Good morning! Today’s guest author is Lisa Papademetriou, author of the Confectionately Yours series and A TALE OF HIGHLY UNUSUAL MAGIC. (Fun fact… Lisa’s alter-ego Ivana Corrrectya has a hilarious grammar blog!)
Plot, Character, and Destiny
When I was ten years old, my grandmother gave me a magic book.
It was a book of fairy tales, and it was in English. This was extraordinary to me, because my grandmother was from Germany. She explained that this book was a gift to her from her father, my great-grandfather, who had bought it from a bookstore in France during World War I. He had wanted his daughter to learn English, and she did. It was helpful, no doubt, when she immigrated to the United States just before the outbreak of World War II. For some reason, my grandmother never gave it to my father. She gave it to me. My father became an architect; I became a writer. That book had an effect on my life, but I don’t think that it would have had the same effect on just anyone. It affected me, in part, because of who I already was, and who I was becoming. As Heraclitus famously said, “Character is destiny.”
My husband says that every person is a package deal. No one is perfect in every way—every single one of is a mixture of good and bad qualities. By the same token, your characters will be a mixture of good and bad qualities, and his or her destiny is linked to those qualities. The seeds of their journey exist at the beginning of the story. By the end, those seeds have borne fruit.
In the Nichomachean Ethics, Aristotle said that too much or too little of any virtue becomes a vice. For example, in Macbeth, his main virtue is ambition. That is the seed of his character that grows throughout the play. But the balance of this virtue steadily falls out of balance. Too little would make him lazy. That’s not his problem. His problem is that he has too much, and it makes him ruthless.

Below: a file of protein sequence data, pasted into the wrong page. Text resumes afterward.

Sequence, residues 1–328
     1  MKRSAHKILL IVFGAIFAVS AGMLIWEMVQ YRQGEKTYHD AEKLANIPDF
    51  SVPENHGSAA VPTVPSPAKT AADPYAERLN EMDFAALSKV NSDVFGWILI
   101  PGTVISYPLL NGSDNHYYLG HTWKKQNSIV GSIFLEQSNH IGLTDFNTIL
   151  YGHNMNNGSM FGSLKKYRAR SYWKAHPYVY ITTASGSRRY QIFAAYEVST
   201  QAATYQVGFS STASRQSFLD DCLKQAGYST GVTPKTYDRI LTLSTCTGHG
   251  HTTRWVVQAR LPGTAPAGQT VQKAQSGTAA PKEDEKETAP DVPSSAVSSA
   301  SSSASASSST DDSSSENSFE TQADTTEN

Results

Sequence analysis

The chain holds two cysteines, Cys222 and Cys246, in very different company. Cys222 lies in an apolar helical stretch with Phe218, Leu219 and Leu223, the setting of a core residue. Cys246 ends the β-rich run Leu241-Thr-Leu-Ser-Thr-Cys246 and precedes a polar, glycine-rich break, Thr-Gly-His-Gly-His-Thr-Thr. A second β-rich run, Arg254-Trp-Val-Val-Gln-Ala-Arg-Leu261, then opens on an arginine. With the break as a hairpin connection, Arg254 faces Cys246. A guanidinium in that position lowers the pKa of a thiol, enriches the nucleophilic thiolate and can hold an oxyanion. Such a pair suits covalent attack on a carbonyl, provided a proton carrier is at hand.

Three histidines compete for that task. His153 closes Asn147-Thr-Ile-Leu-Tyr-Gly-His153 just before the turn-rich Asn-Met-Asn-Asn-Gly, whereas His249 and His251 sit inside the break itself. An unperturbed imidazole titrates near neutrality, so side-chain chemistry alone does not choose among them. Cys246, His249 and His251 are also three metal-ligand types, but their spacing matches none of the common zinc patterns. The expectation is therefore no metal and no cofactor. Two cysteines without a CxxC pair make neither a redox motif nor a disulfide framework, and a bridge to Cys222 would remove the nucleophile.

Let’s look at another character. Dorothy, from The Wizard of Oz. At the beginning of the story, her virtue is that she is spontaneous and a dreamer. But too much spontaneity is recklessness, and too much dreaminess is foolishness. These flaws lead her into her adventure, the end of which is the correction of these flaws. Right? She sees the “man behind the curtain.” And she realizes that there is no place like home.
In other words, there are two things at play in any destiny, the character and the character’s destiny, which is simply another way of saying plot. E.M. Forster pointed out that, “Incident springs out of character, and having occurred it alters that character.” As the plot moves forward, the character will change by degrees, until his or her destiny is fulfilled.
How do you know which way your character is going to go? From virtue to vice, or from vice to virtue? Well, are you writing a tragedy or a comedy? I highly suggest that you begin with the end in mind. Even if you do not know exactly how your book will end, you probably have a sense of the ending, what feeling or response you would like to provoke in your reader.
Today’s Assignment: Let’s work on our characters a little bit. I want you do explore your character’s virtues and flaws. Write a scene or memory in which his or her main virtue is clear. Then rewrite the scene with the virtue out of balance—make it into a flaw, and see what you can come up with. Have fun – and feel free to share a paragraph or two from today’s quick-write in the comments if you’d like!